Or you listen right here on the Spotify player embedded just below! Happy listening!


Fran Allfrey
Courtauld Connects Volunteer Officer

John Ramsey: Church of St James the Great, South Leigh

Audio Version

Text Version

While digitising a box of photographs of Oxfordshire churches with fellow volunteer Muny, we found a wonderful wall painting in a Kersting print; a welcome surprise after the usual mix of white-walled naves and pillars.

CON_B00607_F007_005. The Courtauld Institute of Art. CC BY NC.

CON_B00607_F007_006. The Courtauld Institute of Art. CC BY NC.

In the Middle Ages, it was common practice to paint the walls of churches. Few people could read, so it was necessary to teach by using pictures. During the Reformation, these images were covered over as they were considered symbols of Popish idolatry.

The painting is on the wall which separates the nave from the chancel, and is an example of how certain images became assigned to specific positions in the church. One of the most common is Doom, or the Last Judgement. The symbolism explains the positioning of the Nave as representing the ‘Church militant’ and the chancel as the ‘Church Triumphant’, separated by the judgment before which all souls must pass.

The Last Judgment in South Leigh follows a traditional pattern. Two angels with trumpets are waking up the dead. On the left, an angel in white is calling to the saved, with a scroll above announcing ’Venite Benedicte Patris Mei’ (Come you blessed to my Father). They then move towards the north wall where (not visible in the photograph) St Peter awaits them at the gates of Heaven. On the right, the angel wears dark clothing and summons the damned, the scroll above saying ‘Discedite Maledicti’ (Depart you cursed). They are bound together with what looks like barbed wire and are being pushed towards the jaws of hell, which are just visible on the south wall.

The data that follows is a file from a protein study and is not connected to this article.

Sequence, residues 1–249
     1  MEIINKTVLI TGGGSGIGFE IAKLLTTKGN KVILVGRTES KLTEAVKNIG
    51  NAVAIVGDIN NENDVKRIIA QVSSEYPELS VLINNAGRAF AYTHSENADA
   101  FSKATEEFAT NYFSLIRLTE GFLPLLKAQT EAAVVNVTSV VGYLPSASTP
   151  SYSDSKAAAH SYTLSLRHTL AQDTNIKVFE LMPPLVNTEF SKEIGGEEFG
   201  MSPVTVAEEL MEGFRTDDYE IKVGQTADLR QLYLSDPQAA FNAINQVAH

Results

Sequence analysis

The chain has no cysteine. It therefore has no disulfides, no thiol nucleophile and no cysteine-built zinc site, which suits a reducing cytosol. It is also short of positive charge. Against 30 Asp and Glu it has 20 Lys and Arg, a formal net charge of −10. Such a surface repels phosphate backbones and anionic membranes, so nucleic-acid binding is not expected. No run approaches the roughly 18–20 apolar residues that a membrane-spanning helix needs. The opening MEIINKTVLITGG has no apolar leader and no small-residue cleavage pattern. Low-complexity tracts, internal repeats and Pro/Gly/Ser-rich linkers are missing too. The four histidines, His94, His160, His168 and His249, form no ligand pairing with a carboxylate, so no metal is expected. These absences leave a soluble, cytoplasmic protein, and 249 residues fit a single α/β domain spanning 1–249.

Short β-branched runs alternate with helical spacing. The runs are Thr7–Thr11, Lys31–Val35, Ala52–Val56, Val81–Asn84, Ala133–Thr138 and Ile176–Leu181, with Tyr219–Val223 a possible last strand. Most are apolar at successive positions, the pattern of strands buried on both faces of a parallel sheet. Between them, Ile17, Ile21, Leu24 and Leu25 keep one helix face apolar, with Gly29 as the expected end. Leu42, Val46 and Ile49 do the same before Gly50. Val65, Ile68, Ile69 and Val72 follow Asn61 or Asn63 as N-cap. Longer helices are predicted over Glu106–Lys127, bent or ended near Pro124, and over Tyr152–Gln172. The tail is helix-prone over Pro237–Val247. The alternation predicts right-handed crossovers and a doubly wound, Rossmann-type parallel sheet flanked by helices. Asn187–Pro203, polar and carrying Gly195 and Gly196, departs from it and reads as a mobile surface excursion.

The image is clearly designed to scare the wits out of the congregation:

“The damned are dragged into the mouth of hell propped open by a devil.”
Image courtesy of www.wasleys.org.uk

The original paintings were discovered in 1870, when the old layers of whitewash were removed after the new vicar, Gerard Moultie, decided the church needed restoration. The work was carried out for £85 by Messrs Burlison and Gryllis, a firm heavily influenced by William Morris. This is particularly evident where the originals were too faint to copy and were effectively replaced by 19th-century design, for example in the painting of flowers and birds beneath the Last Judgment.

The original artists were probably trained in monasteries. They were not necessarily monks, but young men who showed artistic ability and were trained in monastic scriptoria. There is also evidence of a growing number of itinerant painters who were associated with the Guilds of Painter-Stainers in London and other cities.

For a small village church, South Leigh has several associations with the famous. The ancestors of William Morris owned land there, and it is only 10 miles or so from Kelmscott Manor, Morris’s country house.

In 1725, John Wesley preached his first sermon from the pulpit (he returned in 1771 and was refused entry).

Between 1947 and 1949, the poet Dylan Thomas and his wife lived in the village and maintained an eccentric lifestyle. This was many years after he wrote ’It is the sinner’s dust tongued bell claps me to churches’, though it would be wonderful to imagine him seeing the Last Judgment through an alcoholic haze and wondering which way he would go.

 


John Ramsey
Courtauld Connects Digitisation Volunteer